Section 2.25(4) is contract language which on its face establishes the right of bargaining unit employes to fill vacant positions within the unit. While the County correctly argues that the language itself does not state that bargaining unit applicants must be qualified for the vacant position, it is clear from the reference to Section 2.32 in the Settlement Agreement and the testimony at hearing that the language applies only to those ten or more individuals who are certified by County civil service procedure to the appointing authority as being qualified to hold the position in question. (5) Given the foregoing, application of the "primary relationship" test to the instant language yields a conclusion that Section 2.25(4) is a mandatory subject of bargaining (6) unless, as the County argues, there is an irreconcilable conflict with Chapter 63. We turn to a consideration of that issue.

As the Court noted in Glendale, supra, at 105 "The relationship between public sector bargaining agreements and other statutes governing terms and con-ditions of employment can be one of the most difficult issues in public sector labor law." The task is one of seeking to harmonize "whenever possible" Sec. 111.70 rights with other statutory provisions. Muskego-Norway Consolidated Jt. School District No. 9 v. WERC, 35 Wis.2d 540 (1967). Only where a contract provision is in irreconcilable conflict with a statutory command does the provision become a prohibited subject of bargaining. Glendale, supra. After analyzing the Court's opinion in Glendale, we think it clear that when given the meaning provided by the Settlement Agreement and by the parties' practice, Section 2.25(5) can be harmonized with Chapter 63 of the Wisconsin Statutes and thus that Section 2.25(5) is a mandatory subject of bargaining.

In Glendale, the Court was confronted with the issue of whether statutory language which stated "the chiefs shall appoint subordinates subject to the approval of the board" could be harmonized with contractual language which required the appointment of the most senior qualified bargaining unit applicant. The Court concluded that harmonization was possible because the contract language simply limited but did not eliminate the police chief's statutory power. Here, the appointing authority is statutorily obligated to consider "merit and fitness" when selecting among applicants who are qualified for the position. As in Glendale, the contract language at issue herein, as applied pursuant to the Settlement Agreement and past practice, limits but does not eliminate the consideration of "merit and fitness" because the appointing authority is always selecting from qualified candidates approved by the County Civil Service procedures. (7) Moreover, current employe status is not necessarily inconsistent with considerations of "merit and fitness." Thus, in this case we can meet our obligation to harmonize "whenever possible" by giving effect to both the appointing authority's power under Sec. 63.05(2), Stats., and the County's duty to bargain under Sec. 111.70, Stats.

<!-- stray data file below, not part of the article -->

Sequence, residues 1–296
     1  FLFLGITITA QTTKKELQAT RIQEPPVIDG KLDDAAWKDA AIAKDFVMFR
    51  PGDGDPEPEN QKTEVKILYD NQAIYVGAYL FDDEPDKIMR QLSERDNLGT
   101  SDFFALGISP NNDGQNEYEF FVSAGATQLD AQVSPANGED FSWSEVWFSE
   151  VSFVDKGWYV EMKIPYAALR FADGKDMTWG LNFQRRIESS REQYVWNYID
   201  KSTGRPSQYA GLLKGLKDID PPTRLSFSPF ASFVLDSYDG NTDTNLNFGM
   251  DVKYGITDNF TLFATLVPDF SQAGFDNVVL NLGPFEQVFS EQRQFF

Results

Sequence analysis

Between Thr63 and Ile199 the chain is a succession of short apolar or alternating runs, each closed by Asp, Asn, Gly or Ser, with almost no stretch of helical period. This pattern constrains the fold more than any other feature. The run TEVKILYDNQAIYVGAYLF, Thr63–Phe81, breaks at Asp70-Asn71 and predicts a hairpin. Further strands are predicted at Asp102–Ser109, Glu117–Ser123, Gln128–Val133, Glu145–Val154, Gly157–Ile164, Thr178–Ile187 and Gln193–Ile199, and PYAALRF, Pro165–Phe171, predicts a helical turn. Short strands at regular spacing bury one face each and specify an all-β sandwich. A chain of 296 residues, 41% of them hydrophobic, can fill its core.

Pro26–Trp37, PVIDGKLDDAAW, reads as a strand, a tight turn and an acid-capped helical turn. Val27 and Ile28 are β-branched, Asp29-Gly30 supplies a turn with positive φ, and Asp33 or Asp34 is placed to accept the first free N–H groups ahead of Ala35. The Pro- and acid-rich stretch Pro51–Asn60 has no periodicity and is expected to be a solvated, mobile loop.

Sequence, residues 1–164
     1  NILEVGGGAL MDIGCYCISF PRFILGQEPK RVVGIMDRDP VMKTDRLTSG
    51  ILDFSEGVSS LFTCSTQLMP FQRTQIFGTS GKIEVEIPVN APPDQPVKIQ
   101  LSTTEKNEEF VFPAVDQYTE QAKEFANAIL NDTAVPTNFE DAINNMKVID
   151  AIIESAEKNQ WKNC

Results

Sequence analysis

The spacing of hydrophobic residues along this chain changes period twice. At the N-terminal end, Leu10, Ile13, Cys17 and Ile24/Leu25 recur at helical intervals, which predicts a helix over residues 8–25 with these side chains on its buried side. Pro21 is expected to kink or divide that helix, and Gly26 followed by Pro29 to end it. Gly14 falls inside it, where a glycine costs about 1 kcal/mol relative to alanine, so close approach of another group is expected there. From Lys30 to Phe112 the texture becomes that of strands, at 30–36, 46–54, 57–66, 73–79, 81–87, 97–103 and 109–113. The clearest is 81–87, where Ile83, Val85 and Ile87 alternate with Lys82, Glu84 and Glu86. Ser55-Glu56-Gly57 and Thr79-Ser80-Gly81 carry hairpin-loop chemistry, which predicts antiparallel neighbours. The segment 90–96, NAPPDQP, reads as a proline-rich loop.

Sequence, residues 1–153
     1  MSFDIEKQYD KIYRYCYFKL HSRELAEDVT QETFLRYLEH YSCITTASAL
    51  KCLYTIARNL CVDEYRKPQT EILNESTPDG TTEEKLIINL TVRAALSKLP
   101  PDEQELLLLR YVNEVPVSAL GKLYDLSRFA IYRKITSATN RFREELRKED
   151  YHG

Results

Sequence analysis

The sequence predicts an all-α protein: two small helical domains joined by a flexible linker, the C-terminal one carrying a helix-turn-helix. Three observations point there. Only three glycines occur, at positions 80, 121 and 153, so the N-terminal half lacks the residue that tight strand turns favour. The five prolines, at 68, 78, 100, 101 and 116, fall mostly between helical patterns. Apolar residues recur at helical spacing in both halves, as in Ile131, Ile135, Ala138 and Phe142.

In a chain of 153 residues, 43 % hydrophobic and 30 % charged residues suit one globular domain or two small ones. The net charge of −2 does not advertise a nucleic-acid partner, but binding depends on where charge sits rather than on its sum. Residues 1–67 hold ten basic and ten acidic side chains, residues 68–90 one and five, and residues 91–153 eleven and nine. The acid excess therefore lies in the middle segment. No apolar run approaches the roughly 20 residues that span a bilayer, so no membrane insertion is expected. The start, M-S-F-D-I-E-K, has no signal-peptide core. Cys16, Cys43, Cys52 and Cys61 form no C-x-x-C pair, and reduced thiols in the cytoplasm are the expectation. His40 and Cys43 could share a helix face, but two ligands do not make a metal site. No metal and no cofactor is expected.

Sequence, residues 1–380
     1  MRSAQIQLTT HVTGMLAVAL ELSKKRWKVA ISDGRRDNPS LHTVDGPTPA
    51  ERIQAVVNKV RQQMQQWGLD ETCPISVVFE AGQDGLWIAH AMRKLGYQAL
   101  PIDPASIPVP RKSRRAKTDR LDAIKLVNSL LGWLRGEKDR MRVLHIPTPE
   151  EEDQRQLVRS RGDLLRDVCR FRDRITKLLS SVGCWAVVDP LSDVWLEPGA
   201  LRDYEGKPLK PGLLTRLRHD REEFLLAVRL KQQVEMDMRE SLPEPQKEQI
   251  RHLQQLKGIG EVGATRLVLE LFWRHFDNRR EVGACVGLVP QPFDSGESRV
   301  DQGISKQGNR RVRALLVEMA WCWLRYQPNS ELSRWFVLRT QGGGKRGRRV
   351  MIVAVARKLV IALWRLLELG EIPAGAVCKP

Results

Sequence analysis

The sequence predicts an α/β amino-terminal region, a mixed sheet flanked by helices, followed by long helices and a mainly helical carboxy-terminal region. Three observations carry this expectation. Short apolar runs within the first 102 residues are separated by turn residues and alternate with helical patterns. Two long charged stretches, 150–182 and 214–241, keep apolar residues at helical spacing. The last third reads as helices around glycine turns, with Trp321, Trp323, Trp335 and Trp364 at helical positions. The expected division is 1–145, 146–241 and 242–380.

Given the foregoing, we find Section 2.25(4), as applied by the parties, to be a mandatory subject of bargaining.

Dated at Madison, Wisconsin this 28th day of November, 1989.